There are three main stations that serve Wembley: Wembley Park (Jubilee and Metropolitan lines), closest to the North Stand up Wembley Way; Wembley Central (Bakerloo, overground rail), 15-min walk up the High Road and left to White Horse Bridge and the stadium’s south-west corner; and, the closest, Wembley Stadium station (trains from Marylebone).
For the Bakerloo line to Wembley Central from Baker Street, allow 30mins for the journey. For the quicker Metropolitan line to Wembley Park from Baker Street, allow 15mins. For the quickest, rail from Marylebone to Wembley Stadium, allow 9mins. Wembley is in zone 4.
The Stadium Store (Mon-Sat 10am-5pm, Sun 11am-5pm, match days vary) is set by the East Ticket Office on Level B1 of the North Stand, accessed through the main reception. Stocking mainly England gear, it also offers Wembley chocolate, sweet and sticks of rock, DVDs of great Wembley finals, guides to the stadium in four languages, pewter models of Bobby Moore and a 1966 World Cup Memorabilia Pack with replicas of the final progamme, ticket and the ‘Daily Express’ from the following day.
Entertaining 75-min tours begin, inevitably, with 1966, and football’s most infamous crossbar. The one struck by Geoff Hurst to score England’s third goal in the World Cup Final stands over the entrance to the Crossbar Reception area – with a life-size if not lifelike Hans Tilkowski reaching up for an invisible ball. Models of the original stadium with its Twin Towers and the ’66-era World Cup, and a Geoff Hurst shirt, complete the picture.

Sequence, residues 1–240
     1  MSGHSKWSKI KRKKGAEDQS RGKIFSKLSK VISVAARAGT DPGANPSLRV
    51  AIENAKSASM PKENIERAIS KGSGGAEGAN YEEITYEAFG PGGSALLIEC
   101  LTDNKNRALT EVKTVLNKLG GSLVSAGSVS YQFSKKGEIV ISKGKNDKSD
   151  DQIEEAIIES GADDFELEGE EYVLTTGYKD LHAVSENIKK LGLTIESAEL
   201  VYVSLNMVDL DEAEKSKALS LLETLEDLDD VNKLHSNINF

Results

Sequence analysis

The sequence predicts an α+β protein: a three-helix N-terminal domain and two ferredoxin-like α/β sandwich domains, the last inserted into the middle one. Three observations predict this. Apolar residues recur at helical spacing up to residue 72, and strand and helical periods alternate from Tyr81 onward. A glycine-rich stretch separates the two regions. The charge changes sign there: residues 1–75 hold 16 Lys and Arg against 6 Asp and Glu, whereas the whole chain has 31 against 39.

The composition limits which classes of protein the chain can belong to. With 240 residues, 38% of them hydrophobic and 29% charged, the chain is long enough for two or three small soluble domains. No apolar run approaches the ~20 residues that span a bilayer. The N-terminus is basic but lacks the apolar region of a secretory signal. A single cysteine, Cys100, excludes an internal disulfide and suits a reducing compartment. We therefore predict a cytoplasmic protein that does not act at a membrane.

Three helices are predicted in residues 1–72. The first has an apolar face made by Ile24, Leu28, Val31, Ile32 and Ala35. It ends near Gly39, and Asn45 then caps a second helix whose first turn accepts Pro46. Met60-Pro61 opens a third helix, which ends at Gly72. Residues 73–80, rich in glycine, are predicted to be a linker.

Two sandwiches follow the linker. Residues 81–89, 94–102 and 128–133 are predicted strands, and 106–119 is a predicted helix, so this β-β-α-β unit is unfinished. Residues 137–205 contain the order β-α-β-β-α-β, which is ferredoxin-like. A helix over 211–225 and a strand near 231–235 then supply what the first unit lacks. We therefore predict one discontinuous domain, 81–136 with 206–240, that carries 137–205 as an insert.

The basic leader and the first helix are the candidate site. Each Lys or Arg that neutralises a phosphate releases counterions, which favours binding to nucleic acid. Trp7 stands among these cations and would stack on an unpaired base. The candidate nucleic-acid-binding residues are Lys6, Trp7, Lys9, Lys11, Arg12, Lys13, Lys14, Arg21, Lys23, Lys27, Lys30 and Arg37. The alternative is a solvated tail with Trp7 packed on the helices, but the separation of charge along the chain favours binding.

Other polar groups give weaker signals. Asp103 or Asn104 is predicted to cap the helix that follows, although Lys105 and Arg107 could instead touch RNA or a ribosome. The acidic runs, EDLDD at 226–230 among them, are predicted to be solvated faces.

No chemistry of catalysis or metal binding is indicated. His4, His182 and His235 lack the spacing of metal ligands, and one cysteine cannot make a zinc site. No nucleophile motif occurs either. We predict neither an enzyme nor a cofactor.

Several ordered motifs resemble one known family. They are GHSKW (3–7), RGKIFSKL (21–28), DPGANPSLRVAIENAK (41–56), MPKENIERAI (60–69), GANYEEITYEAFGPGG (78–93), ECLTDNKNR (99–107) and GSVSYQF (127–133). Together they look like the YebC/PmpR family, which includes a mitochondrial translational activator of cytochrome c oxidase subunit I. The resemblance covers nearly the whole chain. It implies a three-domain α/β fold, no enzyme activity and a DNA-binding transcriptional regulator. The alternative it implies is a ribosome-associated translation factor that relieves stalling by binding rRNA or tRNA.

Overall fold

Stats are thrown out as you tour the arena: 2,600 toilets, nine restaurants including the largest in the Bobby Moore Club, and how much Roman Abramovich paid for a decade of matches in the prime seats. All is brought to life as you head down the tunnel on to the pitch – the mood set by a short video of star teams standing exactly where you are. Then it’s a clatter up the 107 stairs to be photographed holding (but not lifting) a replica FA Cup – pick up your photo afterwards for £10 (£5 for additional prints).
The main clutch of pubs can be found near Wembley Park tube, on a busy triangle of businesses on Wembley Park Drive just past Wealdstone Brook. Next to each other are the somewhat quickly knocked together First Class Sports Bar (No.125), with its signed memorabilia, and the equally functional Wembley Tavern at No.121.
Nearby are the Parish (No.120), a friendly cubbyhole of a pub with Guinness and TV sports as the focus, and the more prominent Watkins Folly, opened in 2012, with live music and a beer garden. It occupies the corner where Wembley Park Drive meets Empire Way, along which outlets are few and far between given the opening of shopping and leisure hub the London Designer Outlet next to the stadium.
If you’re after a proper pub, it’s a stiff little climb to the historic Green Man on Dagmar Avenue, but it has an ample beer garden and a selection of Wembley photos, both sporting (Henry Cooper and Clay, Osgood and 1970) and otherwise (Madonna, Freddie Mercury).